Rian Gittman Focuses on Faith and Fighting with “MTC: In the Beginning”
Seemingly disparate subjects on the surface, religion and physical combat are far from strangers. In mixed martial arts specifically, Christianity’s presence was arguably forever cemented when Kimo Leopoldo made his now-famous walk to the Octagon carrying an enormous cross on his back at UFC 3 on September 9, 1994.
And sure, it was cartoonish in its grandiosity, but it was a heck of a way to make an entrance.
In fact, faith and fighting have been bedfellows for as long as the written word and the belief in a higher power have existed. As with any endeavor, those with deep religious beliefs appeal to that higher power when faced with adversity, and as MMA has grown, more athletes have opted to wear their faith on their proverbial sleeves, including former Ultimate Fighting Championship lightweight champion Benson Henderson, current UFC middleweight champion Chris Weidman, UFC light heavyweight champ and pound-for-pound kingpin Jon Jones, perennial G.O.A.T. contender Fedor Emelianenko, former UFC welterweight champ Matt Hughes and the Brazilian phenom, former UFC light heavyweight titleholder Vitor Belfort, just to name a prominent few.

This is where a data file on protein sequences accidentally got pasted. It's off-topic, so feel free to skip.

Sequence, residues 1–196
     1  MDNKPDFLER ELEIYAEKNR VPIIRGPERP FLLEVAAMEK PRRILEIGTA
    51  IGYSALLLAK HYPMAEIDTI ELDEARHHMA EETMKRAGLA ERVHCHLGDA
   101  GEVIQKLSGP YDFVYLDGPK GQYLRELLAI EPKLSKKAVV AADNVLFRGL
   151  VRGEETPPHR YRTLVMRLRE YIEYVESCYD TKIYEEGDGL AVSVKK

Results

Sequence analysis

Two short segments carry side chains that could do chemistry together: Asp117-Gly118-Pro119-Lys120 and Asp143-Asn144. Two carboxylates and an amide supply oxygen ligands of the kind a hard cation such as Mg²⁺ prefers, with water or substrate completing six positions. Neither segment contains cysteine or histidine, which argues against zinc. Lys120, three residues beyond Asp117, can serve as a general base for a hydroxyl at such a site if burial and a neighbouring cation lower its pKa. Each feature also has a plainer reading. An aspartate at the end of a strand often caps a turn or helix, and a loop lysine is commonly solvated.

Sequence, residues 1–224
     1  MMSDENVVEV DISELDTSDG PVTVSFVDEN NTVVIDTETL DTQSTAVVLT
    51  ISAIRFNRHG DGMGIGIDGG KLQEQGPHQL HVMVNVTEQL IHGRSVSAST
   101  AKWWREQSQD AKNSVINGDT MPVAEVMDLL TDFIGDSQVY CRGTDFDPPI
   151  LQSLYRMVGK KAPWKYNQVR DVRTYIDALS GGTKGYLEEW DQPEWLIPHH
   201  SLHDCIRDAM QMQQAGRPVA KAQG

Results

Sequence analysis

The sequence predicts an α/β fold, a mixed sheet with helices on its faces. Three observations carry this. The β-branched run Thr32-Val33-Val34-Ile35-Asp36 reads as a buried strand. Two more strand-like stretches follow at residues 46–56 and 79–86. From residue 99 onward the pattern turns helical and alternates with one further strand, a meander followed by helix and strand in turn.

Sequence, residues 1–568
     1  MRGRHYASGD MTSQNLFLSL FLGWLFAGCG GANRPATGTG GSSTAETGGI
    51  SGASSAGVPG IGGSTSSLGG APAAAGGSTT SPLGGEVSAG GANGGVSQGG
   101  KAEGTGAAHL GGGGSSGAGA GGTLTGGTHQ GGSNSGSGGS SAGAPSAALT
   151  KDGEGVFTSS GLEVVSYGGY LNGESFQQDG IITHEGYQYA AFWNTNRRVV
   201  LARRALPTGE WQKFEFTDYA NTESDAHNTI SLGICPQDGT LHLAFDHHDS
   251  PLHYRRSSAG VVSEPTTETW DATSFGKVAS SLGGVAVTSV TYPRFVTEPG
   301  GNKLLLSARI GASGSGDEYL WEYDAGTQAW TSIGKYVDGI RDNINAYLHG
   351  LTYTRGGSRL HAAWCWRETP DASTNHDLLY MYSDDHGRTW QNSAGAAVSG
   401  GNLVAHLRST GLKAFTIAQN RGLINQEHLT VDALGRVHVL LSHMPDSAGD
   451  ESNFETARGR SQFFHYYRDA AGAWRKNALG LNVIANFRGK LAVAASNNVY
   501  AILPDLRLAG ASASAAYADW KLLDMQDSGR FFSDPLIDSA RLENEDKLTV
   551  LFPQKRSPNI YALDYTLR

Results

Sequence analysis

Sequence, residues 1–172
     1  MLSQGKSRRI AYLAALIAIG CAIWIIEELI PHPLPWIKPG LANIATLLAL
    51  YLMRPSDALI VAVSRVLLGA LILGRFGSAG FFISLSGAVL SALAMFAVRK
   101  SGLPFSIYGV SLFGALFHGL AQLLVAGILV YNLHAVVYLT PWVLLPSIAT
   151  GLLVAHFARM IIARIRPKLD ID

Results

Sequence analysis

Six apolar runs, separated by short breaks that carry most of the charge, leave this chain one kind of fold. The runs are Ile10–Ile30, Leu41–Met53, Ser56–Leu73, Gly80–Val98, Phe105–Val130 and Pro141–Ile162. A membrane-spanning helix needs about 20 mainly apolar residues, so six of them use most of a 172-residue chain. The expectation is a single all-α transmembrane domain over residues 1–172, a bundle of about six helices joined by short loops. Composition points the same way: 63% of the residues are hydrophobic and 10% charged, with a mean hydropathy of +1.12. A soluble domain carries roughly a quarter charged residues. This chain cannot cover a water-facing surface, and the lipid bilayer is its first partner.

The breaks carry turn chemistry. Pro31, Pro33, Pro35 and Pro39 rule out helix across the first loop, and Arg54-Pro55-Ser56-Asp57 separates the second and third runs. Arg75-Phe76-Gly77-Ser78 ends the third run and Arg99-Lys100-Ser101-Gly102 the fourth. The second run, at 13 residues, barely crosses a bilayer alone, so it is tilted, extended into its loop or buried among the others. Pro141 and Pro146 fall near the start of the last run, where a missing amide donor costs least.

“I always tell people, if there are people who don’t understand the correlation between Christianity and mixed martial arts, then they don’t know Christianity or they don’t know mixed martial arts – usually they don’t know either,” says Rian Gittman, whose new mixed martial arts organization, More Than Conquerors (MTC), will hold its first event – titled “In the Beginning” – on April 3. “I’m a Christian, and everything I do is to bring glory to God. Every show will have the element of Christianity in it in some way or another, and one of the things that I’m hoping to do is to break out people’s idea that Christians are a bunch of sissies walking around with big smiles on their faces making believe that they’re holier than everybody else. As Christians, we fight a fight every single day. The bible says that we fight the good fight, and those that fight that good fight are more than conquerors, and I thought, ‘Man, that’s a great term for my MMA brothers,’ and these guys are fighting machines, man.”
The entire passage reads: “For your sake, we face death all day long; we are considered as sheep to be slaughtered, yet in all these things we are more than conquerors through him who loved us. For I am convinced that neither death nor life, neither angels nor demons, neither the present nor the future, nor any powers, neither height nor depth, nor anything else in all creation, will be able to separate us from the love of God that is in Christ Jesus our Lord.”
Essentially it means that an overwhelming and immeasurable victory occurs over all hardship through the belief of God in Christ. When applied to fighting and in life in general, it’s a hell of a motivator.